J Shaw & Co Quebec

Discussion in 'Forum: Saw Identification and Discussion' started by Joe S, Apr 17, 2020.

  1. Joe S

    Joe S Most Valued Member

    Ray et Al.
    I must admit I don't get excited about merchant saws but this saw was a little different from all the rest. UK and American 19th and 20th century merchant saws aren't really considered all that rare. It was easy enough to have a saw factored by a large maker and then have a stamp or etch specifically made for your business and have these sold to promote and advertise the business. In Ontario I have have found lots of wooden planes stamped with Mathieson and Varville and the the merchant stamp also located on the plane. It seems that merchant saws in Canada aren't quite as frequent and I only have a couple of Montreal etched merchant saws made by American saw manufactures. This little Quebec saw is a first.
    This 9 inch open handled brass back has been cleaned unfortunately and probably has had some of it's origins removed. There are no markings other than the very distinct J Shaw & Co Quebec Cast Steel. The wonderful beech handle has no chips but the two brass screws have been replaced with later versions. It would seem to have had flush split screws as these don't fit well enough to say they were original. I think that this was made by a UK maker just by the shape and quality of the handle. Early American makers open handled saws invariably had a sharp pronounced beak and the stylistic flare present on this handle is a mature refinement. I may get in trouble with that generalization but I don't see those qualities in the examples I have that the big American makers produced at that time.
    Research into the history of J Shaw sent me down a rabbit hole of Numismatic research I have absolutely no knowledge of. Any google search continued to lead me a Token they had produced starting in about 1837 for their store. It seemed it also was a money maker where you could make you own currency and lighten the copper to advantage, advertise your wares and make sure the customer had to keep coming back to redeem them. Brilliant. Early gift cards. I include the old link to Canadian Coin News of Oct of 2014 of the history of the coins and some of the history of the currency controversy that Shaw brought upon themselves. The coin has a group of tools stamped on the reverse side which was part of the controversy since it didn't have a legitimate crown. There is a saw so it is site relevant. hahahaha.
    see page 9 !! https://canadiancoinnews.com/wp-content/uploads/sites/2/2014/09/CCNV5213_.pdf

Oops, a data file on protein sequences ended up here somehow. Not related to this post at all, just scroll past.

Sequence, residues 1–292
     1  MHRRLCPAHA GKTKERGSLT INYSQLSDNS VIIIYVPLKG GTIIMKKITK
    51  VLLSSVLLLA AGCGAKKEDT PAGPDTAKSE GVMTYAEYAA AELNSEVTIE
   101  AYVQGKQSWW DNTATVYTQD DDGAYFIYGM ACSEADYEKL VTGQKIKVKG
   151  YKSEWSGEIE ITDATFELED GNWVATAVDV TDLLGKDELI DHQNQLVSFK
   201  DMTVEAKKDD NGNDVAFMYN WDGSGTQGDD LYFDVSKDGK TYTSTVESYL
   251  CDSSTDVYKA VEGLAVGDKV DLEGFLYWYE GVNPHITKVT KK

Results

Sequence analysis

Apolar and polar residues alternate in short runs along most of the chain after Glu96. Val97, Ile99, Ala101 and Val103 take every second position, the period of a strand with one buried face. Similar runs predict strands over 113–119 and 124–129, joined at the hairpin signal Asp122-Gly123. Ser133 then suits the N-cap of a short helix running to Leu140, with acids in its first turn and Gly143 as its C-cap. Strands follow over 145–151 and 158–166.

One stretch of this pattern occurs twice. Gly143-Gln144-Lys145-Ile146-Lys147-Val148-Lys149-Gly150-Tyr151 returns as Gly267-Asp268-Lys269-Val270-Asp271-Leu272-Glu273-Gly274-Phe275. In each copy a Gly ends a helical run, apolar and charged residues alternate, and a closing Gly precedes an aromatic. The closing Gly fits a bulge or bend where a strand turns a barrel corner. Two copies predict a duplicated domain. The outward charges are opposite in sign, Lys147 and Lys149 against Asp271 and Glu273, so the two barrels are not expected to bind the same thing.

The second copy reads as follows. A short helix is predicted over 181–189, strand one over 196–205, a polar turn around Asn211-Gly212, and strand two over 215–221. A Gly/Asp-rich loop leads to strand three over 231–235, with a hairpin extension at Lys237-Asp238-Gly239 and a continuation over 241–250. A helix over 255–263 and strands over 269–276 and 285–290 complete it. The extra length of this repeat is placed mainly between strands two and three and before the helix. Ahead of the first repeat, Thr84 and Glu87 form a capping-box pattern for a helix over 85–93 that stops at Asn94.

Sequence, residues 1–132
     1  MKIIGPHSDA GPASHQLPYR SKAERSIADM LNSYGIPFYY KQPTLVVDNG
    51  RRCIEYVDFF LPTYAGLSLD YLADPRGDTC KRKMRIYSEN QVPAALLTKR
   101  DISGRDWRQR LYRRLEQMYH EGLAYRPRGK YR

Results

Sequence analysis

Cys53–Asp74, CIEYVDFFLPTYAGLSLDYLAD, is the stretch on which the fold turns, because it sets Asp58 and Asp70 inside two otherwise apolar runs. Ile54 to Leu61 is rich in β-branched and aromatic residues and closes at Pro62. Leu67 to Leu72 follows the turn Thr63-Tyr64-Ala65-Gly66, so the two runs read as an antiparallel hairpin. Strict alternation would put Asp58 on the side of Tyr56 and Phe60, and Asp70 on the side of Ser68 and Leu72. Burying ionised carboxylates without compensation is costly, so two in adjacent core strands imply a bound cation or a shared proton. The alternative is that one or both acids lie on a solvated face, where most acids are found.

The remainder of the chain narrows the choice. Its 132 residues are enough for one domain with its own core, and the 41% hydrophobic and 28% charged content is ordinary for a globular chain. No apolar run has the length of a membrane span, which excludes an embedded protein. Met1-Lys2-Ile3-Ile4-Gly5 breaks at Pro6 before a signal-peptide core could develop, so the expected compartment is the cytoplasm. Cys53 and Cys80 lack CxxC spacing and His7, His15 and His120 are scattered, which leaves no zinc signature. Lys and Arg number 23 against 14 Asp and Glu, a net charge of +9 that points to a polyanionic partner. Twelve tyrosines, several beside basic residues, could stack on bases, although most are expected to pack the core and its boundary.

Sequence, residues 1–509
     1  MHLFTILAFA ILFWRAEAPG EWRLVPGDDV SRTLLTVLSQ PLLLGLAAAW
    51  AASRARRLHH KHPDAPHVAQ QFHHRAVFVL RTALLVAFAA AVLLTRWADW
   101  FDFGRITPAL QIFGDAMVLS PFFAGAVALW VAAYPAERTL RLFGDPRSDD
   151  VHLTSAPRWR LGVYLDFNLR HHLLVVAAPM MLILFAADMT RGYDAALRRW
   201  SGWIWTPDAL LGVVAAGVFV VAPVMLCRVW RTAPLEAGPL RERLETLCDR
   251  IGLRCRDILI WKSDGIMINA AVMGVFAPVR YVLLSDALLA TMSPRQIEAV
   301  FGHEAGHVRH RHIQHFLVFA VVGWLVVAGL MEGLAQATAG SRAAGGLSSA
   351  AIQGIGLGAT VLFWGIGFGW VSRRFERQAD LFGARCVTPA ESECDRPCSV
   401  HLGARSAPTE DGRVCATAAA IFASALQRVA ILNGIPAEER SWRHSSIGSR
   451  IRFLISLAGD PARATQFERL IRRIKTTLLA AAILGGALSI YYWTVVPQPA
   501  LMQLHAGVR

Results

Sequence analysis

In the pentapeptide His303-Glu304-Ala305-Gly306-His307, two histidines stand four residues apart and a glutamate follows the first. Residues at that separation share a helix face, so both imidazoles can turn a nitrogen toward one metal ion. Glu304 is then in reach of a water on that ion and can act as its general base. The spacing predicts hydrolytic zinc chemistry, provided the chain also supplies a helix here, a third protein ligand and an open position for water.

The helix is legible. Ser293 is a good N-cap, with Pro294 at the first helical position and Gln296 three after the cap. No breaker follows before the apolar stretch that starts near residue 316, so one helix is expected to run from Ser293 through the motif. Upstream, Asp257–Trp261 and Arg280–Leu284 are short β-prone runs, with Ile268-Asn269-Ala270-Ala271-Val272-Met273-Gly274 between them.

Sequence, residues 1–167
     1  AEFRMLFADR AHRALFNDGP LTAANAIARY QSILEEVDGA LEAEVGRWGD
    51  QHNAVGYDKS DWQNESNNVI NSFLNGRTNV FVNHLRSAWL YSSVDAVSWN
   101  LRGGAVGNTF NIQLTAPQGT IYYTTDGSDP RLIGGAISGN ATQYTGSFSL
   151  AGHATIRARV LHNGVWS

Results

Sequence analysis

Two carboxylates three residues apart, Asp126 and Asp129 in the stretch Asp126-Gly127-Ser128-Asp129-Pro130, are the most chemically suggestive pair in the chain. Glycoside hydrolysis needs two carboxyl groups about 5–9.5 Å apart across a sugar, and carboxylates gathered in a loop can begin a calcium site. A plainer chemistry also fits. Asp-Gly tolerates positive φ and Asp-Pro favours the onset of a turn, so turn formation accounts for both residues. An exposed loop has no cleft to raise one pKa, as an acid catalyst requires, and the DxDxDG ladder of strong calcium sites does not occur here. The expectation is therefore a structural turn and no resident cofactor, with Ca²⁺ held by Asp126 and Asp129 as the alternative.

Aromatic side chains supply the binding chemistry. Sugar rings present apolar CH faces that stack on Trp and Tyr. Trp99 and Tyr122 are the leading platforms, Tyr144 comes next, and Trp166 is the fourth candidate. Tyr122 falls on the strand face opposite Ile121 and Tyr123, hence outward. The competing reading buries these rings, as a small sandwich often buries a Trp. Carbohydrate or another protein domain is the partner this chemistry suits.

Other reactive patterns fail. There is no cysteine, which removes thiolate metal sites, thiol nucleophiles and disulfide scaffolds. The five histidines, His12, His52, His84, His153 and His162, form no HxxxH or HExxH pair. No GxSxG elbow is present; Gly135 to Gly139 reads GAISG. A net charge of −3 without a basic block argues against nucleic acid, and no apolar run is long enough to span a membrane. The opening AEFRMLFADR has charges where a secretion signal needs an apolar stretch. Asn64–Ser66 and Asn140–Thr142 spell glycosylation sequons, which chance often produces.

I have also included an advertisement that I was able to locate in a business directory out of the Toronto Library of Quebec in about the 1870's. I don't have any data when they finally ceased to exist as J Shaw&Co. Anyone with more knowledge I would love to hear from.
    So.... merchant stamps from any Canadian makers I would love to see, esp Ontario. They are like hen's teeth.
    Joe S.

    Attached Files:

  2. ray

    ray Administrator Staff Member

    Thanks for posting that Joe, the idea of issuing tokens seems like Mr Shaw was ahead of his time in customer loyalty schemes. Very sweet looking saw too,
    I note the comments about cleaning and the likely replacement screws, I think if you look past that and see that it's a real gem. Probably unique.
  3. Dusty Shed Dweller

    Dusty Shed Dweller Most Valued Member

    Gorgeous handle Joe, nice research also to track down that advertisement.
  4. kiwi

    kiwi Most Valued Member

    Nice saw Joe. S J Shaw & Co seem to have been in operation for quite some time as they are still listed as hardware suppliers to government entities in the Quebec sessional papers 1879, 1886, 1887 (google search under "books")
    Only etches, no stamps, on my Canadian Merchant saws, with my favorite being a Spear&Jackson backsaw with a DeLisle Bros & McGill etch from 1860s/70s , (I also have a selection of more modern handsaws with Canadian Merchant etches and/or medallions) P1040959.JPG P1040960.JPG P1040959.JPG
  5. Joe S

    Joe S Most Valued Member

    Ray et al.
    Thanks everyone. It is a nice saw. Ray, the company seems to have an interesting existence.
    Rob, that is another nice saw and I see it has been fixed to a very nice display. The only examples from the province are also from Montreal. I wonder if the province never accepted the traditional British tool system and carried on in the French traditional cultural styles they were accustomed to outside of Montreal. The roots of a very old and proud tradition would use typical French methods and tools and British styles weren't as acceptable. There were a few plane makers that set up in Montreal and down in the eastern sections close to the Atlantic and US borders. So very few examples remain. More digging might be needed.
    Joe S.